Al-Hariri's coalition takes its name from the date of a rally in 2005 against Syria's military presence in Lebanon following the assassination of Rafiq al-Hariri.
Al Jazeera's James Bays, reporting from Beirut, said the results were not official but all the political parties seemed to be accepting them.
The different parties would now try to reach an agreement on forming a coalition government, he said.
Unity government sought
The Hezbollah alliance, known as the March 8 movement, has not officially conceded, but its main Christian ally, the nationalist Free Patriotic Movement (FPM) led by Michel Aoun, a former army chief, did acknowledged defeat.
He vowed to work with the election winners to form a coalition government.
Hassan Fadlallah, a Hezbollah MP, said Lebanon was ruled by a partnership and the delicate balances or past experiences cannot be changed regardless of the election results.
"What matters to us now is that Lebanon turns a new page, one based on partnership, co-operation and understanding," he told the AFP news agency.
"No party can claim to have won the majority among all communities.
"Whoever wants political stability, the preservation of national unity and the resurrection of Lebanon will find no choice but to accept the principle of consensus."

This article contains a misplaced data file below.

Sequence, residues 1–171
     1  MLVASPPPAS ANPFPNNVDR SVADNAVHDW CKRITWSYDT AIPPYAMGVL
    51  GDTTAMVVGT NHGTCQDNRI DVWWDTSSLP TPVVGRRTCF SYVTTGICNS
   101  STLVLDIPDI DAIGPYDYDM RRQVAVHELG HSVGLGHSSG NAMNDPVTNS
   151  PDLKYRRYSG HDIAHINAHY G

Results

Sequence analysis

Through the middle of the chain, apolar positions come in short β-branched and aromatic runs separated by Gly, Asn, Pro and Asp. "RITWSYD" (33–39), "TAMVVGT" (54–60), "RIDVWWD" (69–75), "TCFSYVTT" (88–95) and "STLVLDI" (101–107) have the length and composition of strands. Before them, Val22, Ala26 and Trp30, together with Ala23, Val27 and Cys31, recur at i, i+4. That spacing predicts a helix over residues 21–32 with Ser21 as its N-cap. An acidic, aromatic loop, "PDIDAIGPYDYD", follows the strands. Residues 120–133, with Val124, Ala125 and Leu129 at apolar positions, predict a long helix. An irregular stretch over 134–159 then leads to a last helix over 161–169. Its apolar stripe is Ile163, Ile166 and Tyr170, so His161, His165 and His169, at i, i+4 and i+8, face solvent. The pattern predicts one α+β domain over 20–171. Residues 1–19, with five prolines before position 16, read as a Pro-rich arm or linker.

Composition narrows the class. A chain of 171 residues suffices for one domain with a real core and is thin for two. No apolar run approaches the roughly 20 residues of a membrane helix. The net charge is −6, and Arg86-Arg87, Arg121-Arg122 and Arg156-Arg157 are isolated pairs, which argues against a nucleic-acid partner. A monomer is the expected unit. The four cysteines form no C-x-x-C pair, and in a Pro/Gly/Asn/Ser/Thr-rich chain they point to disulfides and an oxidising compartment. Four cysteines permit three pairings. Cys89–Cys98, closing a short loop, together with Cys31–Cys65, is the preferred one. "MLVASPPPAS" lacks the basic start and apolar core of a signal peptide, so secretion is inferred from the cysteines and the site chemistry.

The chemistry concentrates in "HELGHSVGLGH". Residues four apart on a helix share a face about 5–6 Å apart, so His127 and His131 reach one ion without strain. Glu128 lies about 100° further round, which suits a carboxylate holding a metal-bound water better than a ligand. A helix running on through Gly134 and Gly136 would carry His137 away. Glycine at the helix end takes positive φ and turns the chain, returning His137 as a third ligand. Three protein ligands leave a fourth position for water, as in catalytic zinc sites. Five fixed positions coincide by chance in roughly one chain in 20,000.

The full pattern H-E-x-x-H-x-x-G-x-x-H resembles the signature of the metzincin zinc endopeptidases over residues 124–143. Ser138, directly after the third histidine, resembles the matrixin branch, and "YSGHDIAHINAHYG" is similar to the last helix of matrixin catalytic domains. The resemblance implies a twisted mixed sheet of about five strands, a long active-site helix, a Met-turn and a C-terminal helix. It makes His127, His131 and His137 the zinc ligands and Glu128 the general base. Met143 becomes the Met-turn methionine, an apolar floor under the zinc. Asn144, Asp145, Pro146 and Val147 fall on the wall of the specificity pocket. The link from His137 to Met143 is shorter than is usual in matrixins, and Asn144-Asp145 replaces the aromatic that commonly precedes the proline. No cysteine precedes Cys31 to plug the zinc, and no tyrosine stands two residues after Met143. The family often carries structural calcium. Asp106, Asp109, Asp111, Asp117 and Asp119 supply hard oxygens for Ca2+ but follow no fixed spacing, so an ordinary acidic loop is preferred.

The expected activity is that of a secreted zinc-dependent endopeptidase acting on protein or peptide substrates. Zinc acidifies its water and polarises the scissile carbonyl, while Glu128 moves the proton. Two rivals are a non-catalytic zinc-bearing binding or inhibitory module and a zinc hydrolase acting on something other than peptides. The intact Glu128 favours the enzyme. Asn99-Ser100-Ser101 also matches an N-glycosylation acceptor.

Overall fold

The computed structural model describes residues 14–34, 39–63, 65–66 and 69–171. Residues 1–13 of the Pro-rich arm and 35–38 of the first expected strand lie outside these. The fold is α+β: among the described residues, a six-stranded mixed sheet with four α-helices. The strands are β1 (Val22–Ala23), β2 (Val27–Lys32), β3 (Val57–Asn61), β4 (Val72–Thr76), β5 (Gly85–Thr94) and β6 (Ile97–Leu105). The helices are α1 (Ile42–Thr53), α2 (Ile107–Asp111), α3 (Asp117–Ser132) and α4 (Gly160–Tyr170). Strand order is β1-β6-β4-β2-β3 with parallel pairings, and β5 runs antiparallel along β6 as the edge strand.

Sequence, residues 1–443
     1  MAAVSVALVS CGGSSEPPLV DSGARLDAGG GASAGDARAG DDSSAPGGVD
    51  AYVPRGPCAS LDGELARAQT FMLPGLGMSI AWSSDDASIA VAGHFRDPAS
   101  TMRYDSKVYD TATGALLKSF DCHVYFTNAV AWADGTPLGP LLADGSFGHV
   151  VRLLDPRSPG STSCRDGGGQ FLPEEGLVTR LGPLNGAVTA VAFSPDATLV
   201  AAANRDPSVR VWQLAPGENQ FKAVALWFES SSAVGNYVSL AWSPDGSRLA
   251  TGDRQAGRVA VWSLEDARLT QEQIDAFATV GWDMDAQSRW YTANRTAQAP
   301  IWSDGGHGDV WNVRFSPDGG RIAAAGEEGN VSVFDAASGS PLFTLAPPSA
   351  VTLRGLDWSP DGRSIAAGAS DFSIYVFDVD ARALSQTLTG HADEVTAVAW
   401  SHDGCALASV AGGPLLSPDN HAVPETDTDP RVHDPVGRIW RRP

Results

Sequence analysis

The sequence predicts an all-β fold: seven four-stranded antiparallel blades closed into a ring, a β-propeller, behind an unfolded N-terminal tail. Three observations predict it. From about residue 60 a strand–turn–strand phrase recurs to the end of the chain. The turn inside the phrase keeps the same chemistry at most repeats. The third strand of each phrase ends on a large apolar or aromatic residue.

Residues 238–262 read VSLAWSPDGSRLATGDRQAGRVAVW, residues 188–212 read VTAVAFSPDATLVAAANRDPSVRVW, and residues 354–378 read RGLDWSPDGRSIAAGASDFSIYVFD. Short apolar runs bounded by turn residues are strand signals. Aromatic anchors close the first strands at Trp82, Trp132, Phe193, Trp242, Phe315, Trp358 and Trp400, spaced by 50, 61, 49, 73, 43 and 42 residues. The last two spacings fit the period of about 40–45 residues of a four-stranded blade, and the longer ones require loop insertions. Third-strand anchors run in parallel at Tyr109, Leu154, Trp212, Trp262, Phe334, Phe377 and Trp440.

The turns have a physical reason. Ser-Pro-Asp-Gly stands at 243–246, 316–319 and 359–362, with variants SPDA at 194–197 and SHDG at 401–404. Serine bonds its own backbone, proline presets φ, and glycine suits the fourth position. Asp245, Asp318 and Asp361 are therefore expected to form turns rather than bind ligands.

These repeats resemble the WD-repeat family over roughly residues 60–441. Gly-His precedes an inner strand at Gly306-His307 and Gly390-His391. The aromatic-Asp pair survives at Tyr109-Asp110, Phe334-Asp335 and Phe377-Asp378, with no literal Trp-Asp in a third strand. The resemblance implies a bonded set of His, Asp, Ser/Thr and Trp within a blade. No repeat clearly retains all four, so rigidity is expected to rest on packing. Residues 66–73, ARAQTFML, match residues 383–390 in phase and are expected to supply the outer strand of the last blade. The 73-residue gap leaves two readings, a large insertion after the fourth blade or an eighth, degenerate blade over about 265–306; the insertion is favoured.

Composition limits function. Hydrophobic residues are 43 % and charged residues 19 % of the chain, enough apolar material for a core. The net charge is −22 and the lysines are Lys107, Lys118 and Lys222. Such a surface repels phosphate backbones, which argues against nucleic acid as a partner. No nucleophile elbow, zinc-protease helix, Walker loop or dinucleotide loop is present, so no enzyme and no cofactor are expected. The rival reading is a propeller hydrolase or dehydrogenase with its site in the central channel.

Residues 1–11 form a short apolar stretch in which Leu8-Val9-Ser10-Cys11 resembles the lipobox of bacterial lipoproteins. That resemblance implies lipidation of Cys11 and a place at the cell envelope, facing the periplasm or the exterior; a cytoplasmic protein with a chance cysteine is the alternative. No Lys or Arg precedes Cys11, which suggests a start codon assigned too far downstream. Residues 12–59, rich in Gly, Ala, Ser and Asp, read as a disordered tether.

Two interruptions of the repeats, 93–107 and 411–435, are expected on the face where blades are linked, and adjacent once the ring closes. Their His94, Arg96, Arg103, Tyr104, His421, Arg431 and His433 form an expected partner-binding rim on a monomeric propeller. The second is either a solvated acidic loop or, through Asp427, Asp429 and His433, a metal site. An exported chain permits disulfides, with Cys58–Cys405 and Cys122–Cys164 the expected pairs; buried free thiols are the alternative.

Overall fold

Michel de Chadarevian, from the FPM, part of the Hezbollah-led alliance, said: "Even if we had won we would have formed a national unity government."
Walid Jumblatt, the Lebanese Druze leader in the March 14 alliance, said Hezbollah and its allies should be included in a new Lebanese government.
"We should not forget that the elections should be a boost to the dialogue and we should not try to isolate the other parties," he said.
|Saad al-Hariri's Future movement leads the
ruling March 14 alliance [Reuters]
Hezbollah has repeatedly called for the formation of a "national unity government" that would give its minority alliance veto power.
The group, which is backed by Syria and Iran, is considered a "terrorist" organisation by the US, but at home is seen by many as a resistance movement that protects Lebanon from Israel.
Security was tight in sensitive areas for fear of clashes between rivals groups.
Security sources said one person was wounded by gunfire in the northern city of Tripoli and there were brawls between rival supporters elsewhere, but there were no reports of serious fighting and voting was relatively trouble-free.
The interior ministry estimated voter turnout in the election had been more than 52.3 per cent, the highest since at least the end of the 1975-91 civil war.